My sister came to visit this wet Bank Holiday Monday, so we decided to visit the Museum of Fashion in Bath. You can find it on the north side of Bath, near the Royal Crescent and The Circus, where you can see some of the grandest Georgian houses of the city.
It’s housed in a building that was once the Assembly rooms of Bath where fashionable society gathered in the 1800s to dance, drink tea and socialise and were imortalised in the novels of Jane Austen. There’s the Ballroom which is also used for concerts and weddings, so not always open, the Tea Room and the Octagon and Card rooms, which is now house the café. The chandelier in the Tea room was under restoration when we visited – all the chandeliers were enormous. You don’t need to pay to take a look at these rooms, if they are open, but the Fashion Museum costs £7.
Many of the dresses had royal connections including the two below. To the left you can see an evening gown by Hartnell, the couturier of choice in the 1950s which was worn by the actress Margaret Leighton at a ball given by Queen Elizabeth in 1960 to celebrate the marriage of her sister Princess Margaret. To the right are costumes worn at the coronation of King George IV in 1821 which was a splendid affair.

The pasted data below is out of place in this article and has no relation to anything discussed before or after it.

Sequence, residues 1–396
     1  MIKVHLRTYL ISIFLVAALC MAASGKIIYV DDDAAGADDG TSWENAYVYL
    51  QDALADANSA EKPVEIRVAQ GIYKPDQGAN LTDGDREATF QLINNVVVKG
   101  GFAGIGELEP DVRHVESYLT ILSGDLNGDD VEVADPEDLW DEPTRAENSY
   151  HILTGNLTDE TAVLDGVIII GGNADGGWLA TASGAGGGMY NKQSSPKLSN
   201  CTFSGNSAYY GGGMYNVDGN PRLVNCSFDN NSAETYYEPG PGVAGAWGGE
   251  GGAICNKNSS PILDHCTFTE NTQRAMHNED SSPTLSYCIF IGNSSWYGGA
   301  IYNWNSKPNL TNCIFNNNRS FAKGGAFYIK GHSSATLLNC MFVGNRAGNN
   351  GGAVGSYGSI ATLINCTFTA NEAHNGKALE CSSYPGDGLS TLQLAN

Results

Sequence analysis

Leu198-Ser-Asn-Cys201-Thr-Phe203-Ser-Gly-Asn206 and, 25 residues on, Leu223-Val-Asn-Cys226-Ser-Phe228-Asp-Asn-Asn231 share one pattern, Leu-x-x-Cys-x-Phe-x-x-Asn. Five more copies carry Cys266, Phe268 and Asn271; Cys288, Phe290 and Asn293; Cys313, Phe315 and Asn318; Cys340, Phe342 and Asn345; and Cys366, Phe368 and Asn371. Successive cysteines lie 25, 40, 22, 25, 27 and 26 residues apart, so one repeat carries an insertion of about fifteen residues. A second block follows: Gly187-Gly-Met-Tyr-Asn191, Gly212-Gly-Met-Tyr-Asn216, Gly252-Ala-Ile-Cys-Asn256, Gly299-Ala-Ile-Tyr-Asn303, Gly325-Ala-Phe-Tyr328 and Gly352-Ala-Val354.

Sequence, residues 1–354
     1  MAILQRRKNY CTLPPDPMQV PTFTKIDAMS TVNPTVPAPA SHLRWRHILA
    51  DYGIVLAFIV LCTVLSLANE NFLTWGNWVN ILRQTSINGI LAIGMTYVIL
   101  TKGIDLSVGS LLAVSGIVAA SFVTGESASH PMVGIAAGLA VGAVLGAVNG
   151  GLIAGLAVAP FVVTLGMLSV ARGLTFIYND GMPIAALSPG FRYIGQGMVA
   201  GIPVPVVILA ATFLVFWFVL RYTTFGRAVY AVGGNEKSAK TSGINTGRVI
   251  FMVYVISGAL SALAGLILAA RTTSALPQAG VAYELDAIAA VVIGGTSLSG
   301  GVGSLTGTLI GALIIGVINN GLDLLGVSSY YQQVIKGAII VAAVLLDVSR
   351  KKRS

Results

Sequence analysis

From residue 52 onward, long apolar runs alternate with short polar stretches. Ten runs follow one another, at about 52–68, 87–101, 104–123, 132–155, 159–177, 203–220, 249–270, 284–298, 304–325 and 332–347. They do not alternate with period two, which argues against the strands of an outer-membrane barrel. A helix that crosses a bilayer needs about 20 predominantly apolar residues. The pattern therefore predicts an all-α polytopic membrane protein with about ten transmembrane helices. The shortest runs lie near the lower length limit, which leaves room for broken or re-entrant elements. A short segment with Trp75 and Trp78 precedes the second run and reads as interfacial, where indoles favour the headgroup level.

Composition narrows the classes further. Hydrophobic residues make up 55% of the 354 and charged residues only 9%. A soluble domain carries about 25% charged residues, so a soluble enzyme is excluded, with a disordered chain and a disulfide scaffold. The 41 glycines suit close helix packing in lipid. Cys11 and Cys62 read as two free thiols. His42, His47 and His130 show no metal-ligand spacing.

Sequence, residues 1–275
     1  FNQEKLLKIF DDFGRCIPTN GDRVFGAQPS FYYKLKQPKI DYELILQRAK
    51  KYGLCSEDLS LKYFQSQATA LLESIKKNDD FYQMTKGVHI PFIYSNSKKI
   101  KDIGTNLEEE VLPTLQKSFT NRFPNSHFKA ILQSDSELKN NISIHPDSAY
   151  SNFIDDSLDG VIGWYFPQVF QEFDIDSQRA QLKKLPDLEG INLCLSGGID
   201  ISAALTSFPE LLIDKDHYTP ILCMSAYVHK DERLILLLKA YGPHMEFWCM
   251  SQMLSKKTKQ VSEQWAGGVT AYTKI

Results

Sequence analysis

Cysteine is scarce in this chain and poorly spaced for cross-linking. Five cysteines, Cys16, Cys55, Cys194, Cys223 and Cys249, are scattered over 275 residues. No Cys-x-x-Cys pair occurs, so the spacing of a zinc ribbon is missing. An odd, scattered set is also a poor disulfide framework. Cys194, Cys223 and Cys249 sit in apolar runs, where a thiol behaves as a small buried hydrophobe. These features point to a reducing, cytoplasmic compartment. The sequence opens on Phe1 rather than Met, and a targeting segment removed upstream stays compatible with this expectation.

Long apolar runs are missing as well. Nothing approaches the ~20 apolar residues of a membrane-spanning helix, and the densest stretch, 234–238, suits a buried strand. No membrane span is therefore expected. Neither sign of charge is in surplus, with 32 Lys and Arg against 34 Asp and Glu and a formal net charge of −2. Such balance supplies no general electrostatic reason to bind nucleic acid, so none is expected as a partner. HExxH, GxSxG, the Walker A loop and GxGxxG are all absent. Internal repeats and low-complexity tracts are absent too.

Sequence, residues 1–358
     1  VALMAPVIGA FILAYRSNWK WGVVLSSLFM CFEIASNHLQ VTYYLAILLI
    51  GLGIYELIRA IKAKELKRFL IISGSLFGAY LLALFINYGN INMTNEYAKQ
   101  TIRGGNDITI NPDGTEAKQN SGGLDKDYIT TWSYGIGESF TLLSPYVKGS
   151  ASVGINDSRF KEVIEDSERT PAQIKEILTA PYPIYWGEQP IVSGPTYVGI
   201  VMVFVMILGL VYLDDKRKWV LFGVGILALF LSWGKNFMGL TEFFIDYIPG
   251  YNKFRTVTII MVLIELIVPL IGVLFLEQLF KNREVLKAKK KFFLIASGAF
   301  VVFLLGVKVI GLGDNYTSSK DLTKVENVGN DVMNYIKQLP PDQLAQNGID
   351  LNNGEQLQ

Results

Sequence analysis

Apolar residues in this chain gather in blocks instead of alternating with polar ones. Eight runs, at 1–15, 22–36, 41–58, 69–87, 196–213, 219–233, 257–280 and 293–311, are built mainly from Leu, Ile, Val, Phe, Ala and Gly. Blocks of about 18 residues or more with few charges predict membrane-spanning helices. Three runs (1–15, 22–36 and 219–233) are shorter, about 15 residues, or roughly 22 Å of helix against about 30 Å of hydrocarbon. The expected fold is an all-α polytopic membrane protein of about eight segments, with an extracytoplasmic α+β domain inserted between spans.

There were costumes from different eras – these are from the reign of Queen Victoria in the 1860s …
… and evening dresses from down the ages. The pink one was made around 1900 by the French couturier, Worth of Paris for the American heiress, Mary Curzon wife of the Viceroy of India. The gold is from the 1980s, by Bruce Oldfield who made dresses for Princess Diana. Which would you choose? – I’d be happy to wear either.
… and these from the Regency period in the early 1800s when Bath was in its heyday and ladies fashions were modelled on the flowing styles of Ancient Greece and Rome.
If you fancied pretending you were a Victorian lady there were some corsets and crinoline to try on, with intructions on which was the front and back – I noticed that no female passing through, including me, could resist trying them.
But I’m not sure I could compete with these bathing beauties from the 50s before lycra had been invented. These ones had a certain retro glamour to them, but I didn’t fancy the heavy knitted woollen ones, which were like something your granny would have knocked up.
Every Year since 1963 the Museum has asked a leading fashion expert to choose a Dress of the Year to add to the collections – you can see the choices down the years here and play the Dress of the Year game here.
After our visit we had some tea and cakes in the café which anyone can visit – you don’t have to be visiting the museum. The drinks and cakes were reasonably priced compared to many places in Bath and I’d recommend it as a pleasant alternative to the Pump rooms which has become a popular but expensive tourist haunt for afternoon tea or lunch in Bath.
Fashion Museum, Assembly Rooms, Bennett Street, BATH, BA1 2QH